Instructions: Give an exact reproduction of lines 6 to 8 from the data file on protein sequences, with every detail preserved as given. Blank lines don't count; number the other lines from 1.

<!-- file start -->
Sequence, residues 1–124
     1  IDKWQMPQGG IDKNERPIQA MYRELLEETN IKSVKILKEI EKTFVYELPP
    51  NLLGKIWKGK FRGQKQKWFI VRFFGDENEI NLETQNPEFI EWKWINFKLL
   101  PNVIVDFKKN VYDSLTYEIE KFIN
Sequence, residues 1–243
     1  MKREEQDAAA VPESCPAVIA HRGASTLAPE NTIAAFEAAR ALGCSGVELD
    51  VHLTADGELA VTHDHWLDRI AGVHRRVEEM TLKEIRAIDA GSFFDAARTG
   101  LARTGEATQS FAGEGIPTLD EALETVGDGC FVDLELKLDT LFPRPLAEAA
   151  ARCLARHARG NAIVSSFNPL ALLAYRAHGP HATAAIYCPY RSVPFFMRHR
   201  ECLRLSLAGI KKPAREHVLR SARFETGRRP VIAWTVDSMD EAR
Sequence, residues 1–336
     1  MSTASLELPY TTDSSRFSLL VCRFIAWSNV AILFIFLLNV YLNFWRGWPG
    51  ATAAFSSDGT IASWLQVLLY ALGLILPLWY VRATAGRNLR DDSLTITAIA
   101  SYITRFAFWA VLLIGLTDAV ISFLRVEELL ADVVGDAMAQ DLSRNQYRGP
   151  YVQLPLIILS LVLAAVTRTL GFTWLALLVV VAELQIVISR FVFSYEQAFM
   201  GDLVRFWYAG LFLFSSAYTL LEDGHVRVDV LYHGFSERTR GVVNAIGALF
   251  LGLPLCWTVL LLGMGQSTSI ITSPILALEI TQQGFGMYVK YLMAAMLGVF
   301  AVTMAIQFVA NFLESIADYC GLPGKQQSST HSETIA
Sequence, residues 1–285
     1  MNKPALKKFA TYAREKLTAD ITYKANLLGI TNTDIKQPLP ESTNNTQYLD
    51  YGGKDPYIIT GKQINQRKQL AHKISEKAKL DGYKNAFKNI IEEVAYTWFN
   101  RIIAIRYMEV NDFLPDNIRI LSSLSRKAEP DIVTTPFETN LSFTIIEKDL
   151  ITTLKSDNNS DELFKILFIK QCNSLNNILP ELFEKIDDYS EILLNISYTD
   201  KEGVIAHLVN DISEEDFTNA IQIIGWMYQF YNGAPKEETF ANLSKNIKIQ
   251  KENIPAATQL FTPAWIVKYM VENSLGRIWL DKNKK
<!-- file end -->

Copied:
     1  MKREEQDAAA VPESCPAVIA HRGASTLAPE NTIAAFEAAR ALGCSGVELD
    51  VHLTADGELA VTHDHWLDRI AGVHRRVEEM TLKEIRAIDA GSFFDAARTG
   101  LARTGEATQS FAGEGIPTLD EALETVGDGC FVDLELKLDT LFPRPLAEAA